How long can you plank?

Plank on toes

The plank – an exercise where you hold your body off the floor with your elbows and toes, is a commonly used exercise to ‘work the core’. Often a test for how long you can stay in this position is used to see how ‘strong your core is’ and for some trainers, it is part of their fitness assessment. Planking is the sport of how long you can stay in this position and the current world record is 5 hours, 15 minutes and 15 seconds. Wow, you might say, that must be a really strong core, or is it?

The plank was first developed by a man called Stuart McGill, who discovered that if you were in a face down position, you could effectively activate the deep abdominal muscles otherwise known as the transverse abdominis. Using technology, he was able to find out how effective this exercise was and how long they were activated. His recommendation was, and still is, 8 to 10 seconds. This was just for the transverse abdominis. This muscle group is part of what is commonly known as the core, but it is not the only muscle. The three other muscles that are part of the core are the diaphragm, pelvic floor and multifidus, which is a small, deep but important muscle in the lower back.

So the question – how long can you plank for? Well, it has to start with how long you can contract the weakest muscle in the core. If your weakest muscle group is your pelvic floor and you can only perform 3 second holds, then it makes sense that your plank would be held for 3 seconds and no longer. If you are struggling to identify the deep abdominal muscles, the transverse abdominals in standing, then doing a full plank is not recommended. So lifting your body onto your elbows and toes is not ideal for everyone and if the core muscles are not working appropriately, the focus would be on the other muscles involved in holding the position (this happens anyway as your upper and lower body is also required to hold the position).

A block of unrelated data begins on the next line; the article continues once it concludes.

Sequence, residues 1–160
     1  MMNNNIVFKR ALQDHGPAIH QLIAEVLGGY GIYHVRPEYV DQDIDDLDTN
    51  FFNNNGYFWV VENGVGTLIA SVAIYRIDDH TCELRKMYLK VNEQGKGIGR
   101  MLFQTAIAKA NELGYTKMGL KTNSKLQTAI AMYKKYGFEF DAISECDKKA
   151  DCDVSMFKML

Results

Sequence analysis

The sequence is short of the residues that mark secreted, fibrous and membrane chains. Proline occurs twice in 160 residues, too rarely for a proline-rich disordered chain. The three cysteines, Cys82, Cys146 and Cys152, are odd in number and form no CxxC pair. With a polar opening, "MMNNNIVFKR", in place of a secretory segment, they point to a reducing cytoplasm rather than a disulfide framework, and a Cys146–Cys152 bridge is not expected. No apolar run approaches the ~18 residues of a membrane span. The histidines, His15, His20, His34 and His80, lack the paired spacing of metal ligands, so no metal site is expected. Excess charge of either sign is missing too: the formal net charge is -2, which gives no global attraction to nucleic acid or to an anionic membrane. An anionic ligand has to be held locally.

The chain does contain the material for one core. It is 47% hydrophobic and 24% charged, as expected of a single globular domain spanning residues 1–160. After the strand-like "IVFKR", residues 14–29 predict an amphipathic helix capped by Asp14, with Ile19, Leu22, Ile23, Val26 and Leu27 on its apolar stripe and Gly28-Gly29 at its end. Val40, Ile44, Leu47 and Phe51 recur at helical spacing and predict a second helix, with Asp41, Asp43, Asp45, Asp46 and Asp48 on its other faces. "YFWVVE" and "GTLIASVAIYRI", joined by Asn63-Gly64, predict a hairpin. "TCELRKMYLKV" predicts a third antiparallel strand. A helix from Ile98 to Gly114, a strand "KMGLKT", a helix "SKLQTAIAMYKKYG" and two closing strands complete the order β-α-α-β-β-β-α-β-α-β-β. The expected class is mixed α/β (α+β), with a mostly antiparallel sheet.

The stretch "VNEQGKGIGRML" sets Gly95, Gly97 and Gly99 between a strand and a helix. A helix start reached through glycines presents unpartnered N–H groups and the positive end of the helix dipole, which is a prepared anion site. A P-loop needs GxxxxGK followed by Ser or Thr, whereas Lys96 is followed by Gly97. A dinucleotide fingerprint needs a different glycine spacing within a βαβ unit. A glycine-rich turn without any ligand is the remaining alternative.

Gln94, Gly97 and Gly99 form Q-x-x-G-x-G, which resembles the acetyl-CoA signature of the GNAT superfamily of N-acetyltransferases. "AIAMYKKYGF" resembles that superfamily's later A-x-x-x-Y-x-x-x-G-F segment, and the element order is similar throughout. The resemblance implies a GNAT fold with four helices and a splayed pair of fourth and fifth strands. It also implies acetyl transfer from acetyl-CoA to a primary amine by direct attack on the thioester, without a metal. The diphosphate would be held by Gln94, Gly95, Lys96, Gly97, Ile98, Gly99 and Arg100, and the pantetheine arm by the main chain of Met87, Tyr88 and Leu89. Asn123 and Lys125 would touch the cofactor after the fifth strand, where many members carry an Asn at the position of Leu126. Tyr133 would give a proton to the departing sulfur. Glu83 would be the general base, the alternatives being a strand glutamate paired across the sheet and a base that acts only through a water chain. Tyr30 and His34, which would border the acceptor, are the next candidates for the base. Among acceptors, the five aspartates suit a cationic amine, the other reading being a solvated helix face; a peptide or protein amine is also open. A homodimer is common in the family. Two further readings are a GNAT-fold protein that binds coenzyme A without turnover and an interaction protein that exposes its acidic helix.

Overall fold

An ideal place to start with modifying the plank would be to lie face downwards on the floor and just focus on lifting the pelvic floor and activating the deep abdominals (sensation should be felt only across the hip bones and not under the rib cage). Then moving onto the elbows and holding just the upper body off the floor. These are both excellent core exercises and as long as the pelvic floor and deep abdominals are gently contracted with control with a full relaxation at the end of each repetition then you have completed good quality core contractions.

If this is completed successfully over a few weeks, then progressing to holding the torso off the floor by lifting up onto the elbows and knees is the next step. The important point to note here is that you require a pelvic floor and deep abdominal activation before initiating the lift and relaxing these muscles after the body has relaxed down to the floor.

The length of time to be in this position is for however long that a pelvic floor and deep abdominal activation can be maintained – which according to research is a maximum of 10 seconds.

Written by Marietta Mehanni, Pelvic Floor First ambassador

An initiative of

The Continence Foundation of Australia is the national peak body promoting bladder
and bowel health.

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